Campfire bread, also known as ‘bannock’, is a lot of fun to make and share. Lightly crispy on the outside, soft and warm on the inside, this simple bread is a delicious outdoor treat. You can choose to make is savory or sweet, depending on whether you want to add chopped fresh herbs, cocoa powder, or other seasonings to the dough.
There are countless variations of recipes for bannock, though modern bannock is commonly made of flour, water, baking powder, some type of fat or oil, and seasonings. Many sources say that bannock originated in Scotland and was introduced to indigenous people of North America by Scottish fur traders. This type of bread is prized for its simplicity and ability to provide warm nourishment for outdoor meals. It tastes great with meat, beans, soup, or just on its own as a snack.
This easy recipe only needs one skillet and uses ingredients that many of us already have on hand. Featuring sweet, cinnamon-simmered apples topped with a crisped oat and brown sugar mixture, stovetop apple crisp makes a tasty, healthy breakfast or dessert.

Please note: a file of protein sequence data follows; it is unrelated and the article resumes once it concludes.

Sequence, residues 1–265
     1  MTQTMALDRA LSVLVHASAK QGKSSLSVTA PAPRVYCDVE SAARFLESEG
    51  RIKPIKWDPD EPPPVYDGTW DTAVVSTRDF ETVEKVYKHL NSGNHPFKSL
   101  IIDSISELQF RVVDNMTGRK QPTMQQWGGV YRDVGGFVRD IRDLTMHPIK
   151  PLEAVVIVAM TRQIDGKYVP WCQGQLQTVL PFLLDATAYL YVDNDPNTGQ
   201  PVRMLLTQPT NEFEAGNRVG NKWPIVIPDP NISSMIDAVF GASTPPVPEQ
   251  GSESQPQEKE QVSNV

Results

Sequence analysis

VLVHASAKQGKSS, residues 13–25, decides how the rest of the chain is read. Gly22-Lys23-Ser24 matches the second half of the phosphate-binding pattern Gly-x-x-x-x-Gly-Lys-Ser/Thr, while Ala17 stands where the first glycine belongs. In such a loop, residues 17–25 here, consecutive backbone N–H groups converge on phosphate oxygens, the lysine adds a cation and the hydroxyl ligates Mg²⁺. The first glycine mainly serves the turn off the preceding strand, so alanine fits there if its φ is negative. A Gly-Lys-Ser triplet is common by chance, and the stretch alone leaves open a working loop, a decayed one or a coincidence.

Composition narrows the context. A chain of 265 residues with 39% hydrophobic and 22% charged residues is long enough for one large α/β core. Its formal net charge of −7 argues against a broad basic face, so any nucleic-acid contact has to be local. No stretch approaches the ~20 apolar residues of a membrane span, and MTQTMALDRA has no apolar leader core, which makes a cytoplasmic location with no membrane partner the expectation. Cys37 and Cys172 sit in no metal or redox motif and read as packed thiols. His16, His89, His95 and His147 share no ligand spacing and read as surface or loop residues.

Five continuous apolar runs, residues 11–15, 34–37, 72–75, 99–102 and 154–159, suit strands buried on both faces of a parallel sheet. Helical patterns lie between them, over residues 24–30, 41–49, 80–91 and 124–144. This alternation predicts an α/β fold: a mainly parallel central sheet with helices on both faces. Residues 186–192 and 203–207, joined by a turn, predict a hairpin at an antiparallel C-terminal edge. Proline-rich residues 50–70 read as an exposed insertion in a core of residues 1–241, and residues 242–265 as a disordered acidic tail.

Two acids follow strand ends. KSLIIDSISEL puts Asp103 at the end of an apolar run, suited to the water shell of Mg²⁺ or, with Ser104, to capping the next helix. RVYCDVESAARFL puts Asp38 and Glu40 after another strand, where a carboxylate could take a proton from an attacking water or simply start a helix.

Apples are normally associated with the fall months, and apple crisp is normally baked in the oven. However, as we all know, nothing about this quarantine time is normal. I adapted this lovely, simple recipe out of sheer necessity. And because it is quick and easy and made with mostly pantry staples, I am thinking others may appreciate it as I did.
This deliciously classic cake is spiced with cinnamon and nutmeg, topped with a rich cream cheese frosting. The oatmeal lends a rich texture, combing old fashioned comfort with satisfying flavor. Because of a wholesome sweetness that tugs at the heartstrings, this cake can easily become a family favorite.
You may wonder why I call this cake Tinnie’s Fabulous Oatmeal Cake. Tinnie is my mother’s name, short for Christine, and for as long as I can remember, she has been making this cake for her children, nieces, nephews, and grandchildren. This cake is well loved by many in our family, and the wonderful aroma of it delivers me right back to her kitchen, with childhood memories of standing at the counter waiting for her to finish frosting the cake so I could dip my finger in the bowl and savor what was left.